/ Modified apr 6, 2017 3:23 p.m.

'Smart' Agreements Leave More Water in Lake Mead, Regulators Say

Snow pack will add to reservoirs this spring, but the Colorado basin remains in a drought.

Lake Mead Hoover Dam Hero A view from the Lake Mead side of the Hoover Dam.


Water levels in Lake Mead are about eight feet higher than last year at this time, and regulators said it’s due to water being kept in the lake.

The mountains in the western United States have an above-normal snowpack. That will be good news later this year for the states that depend on the Colorado River for their water supply.

Rose Davis of the federal Bureau of Reclamation said cooperation among river-water users accounts for the lake’s growing depth.

“Lake Mead has been the beneficiary of having a lot of very smart people working on agreements to leave water in Lake Mead for the benefit of the system. Starting in about 2014 we implemented programs such as the pilot system conservation program, which provided funding in lieu of people leaving water in the system,” she said.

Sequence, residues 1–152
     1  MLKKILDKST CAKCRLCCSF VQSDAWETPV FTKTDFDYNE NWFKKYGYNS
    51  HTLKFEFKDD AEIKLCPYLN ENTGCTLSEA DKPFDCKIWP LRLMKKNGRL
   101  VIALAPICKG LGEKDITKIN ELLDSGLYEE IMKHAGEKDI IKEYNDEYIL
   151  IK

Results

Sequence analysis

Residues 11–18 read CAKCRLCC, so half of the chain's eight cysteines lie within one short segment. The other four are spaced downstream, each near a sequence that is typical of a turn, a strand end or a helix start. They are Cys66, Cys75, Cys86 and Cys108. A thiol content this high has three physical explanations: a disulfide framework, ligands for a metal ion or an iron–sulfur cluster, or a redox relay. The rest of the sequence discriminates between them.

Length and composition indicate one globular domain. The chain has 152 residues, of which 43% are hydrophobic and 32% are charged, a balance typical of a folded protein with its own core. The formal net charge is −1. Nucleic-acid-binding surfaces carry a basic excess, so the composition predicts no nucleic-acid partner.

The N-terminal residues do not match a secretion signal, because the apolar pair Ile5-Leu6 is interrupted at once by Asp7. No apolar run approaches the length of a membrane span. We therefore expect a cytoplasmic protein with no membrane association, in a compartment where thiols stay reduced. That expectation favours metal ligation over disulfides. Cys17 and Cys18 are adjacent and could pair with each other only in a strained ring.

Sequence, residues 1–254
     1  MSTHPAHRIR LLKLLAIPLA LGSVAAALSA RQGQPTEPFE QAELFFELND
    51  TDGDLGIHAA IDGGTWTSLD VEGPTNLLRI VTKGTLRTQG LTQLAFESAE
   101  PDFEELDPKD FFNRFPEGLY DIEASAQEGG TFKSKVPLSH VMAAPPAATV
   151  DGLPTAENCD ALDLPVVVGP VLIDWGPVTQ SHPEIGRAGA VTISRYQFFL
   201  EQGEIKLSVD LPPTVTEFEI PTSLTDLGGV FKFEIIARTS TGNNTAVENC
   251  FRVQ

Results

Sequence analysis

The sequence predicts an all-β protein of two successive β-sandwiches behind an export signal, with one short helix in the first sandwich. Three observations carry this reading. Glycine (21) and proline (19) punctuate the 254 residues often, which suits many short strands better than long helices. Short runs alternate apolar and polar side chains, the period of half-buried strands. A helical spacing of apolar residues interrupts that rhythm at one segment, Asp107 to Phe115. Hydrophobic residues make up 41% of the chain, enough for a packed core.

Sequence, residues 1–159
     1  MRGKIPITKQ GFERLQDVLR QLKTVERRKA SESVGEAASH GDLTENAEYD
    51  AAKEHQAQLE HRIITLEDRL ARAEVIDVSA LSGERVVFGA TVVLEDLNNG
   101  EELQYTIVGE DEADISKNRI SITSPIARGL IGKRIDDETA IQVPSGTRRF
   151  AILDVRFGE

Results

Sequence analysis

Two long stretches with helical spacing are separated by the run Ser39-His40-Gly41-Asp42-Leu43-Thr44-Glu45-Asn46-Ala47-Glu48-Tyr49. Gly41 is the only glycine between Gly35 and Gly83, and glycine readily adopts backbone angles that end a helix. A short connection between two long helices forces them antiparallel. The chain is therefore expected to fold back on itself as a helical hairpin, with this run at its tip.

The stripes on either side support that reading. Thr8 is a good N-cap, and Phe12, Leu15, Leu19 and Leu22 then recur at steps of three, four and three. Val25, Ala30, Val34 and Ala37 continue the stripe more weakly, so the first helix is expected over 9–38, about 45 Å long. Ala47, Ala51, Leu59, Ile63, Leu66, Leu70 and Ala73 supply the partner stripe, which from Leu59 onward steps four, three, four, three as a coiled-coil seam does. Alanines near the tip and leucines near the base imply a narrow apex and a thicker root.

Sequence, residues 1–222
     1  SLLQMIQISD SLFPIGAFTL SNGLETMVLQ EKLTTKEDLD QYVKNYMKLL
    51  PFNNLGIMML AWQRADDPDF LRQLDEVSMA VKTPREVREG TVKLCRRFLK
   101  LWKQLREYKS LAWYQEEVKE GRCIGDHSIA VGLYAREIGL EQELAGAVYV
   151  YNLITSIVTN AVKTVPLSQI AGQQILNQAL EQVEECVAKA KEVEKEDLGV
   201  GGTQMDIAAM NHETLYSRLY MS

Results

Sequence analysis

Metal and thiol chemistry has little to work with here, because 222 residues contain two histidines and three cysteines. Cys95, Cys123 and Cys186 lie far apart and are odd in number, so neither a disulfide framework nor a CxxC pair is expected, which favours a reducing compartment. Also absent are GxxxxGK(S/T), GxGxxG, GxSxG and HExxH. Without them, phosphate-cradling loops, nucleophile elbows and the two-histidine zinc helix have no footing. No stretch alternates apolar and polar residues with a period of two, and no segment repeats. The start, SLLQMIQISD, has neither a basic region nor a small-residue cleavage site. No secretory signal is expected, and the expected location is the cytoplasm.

Davis said Mexico also takes less water from the river. When the snow melts this year, she said, slightly more water than normal will feed into Lake Powell and then continue to Lake Mead.

But the lower Colorado River basin remains in a drought, and Davis said conservation is still important.

See a recent history of Lake Mead's water levels.

Arizona Science Desk
This story is from the Arizona Science Desk, a collaborative of the state's public radio stations, including NPR 89.1. Read more from the Arizona Science Desk.
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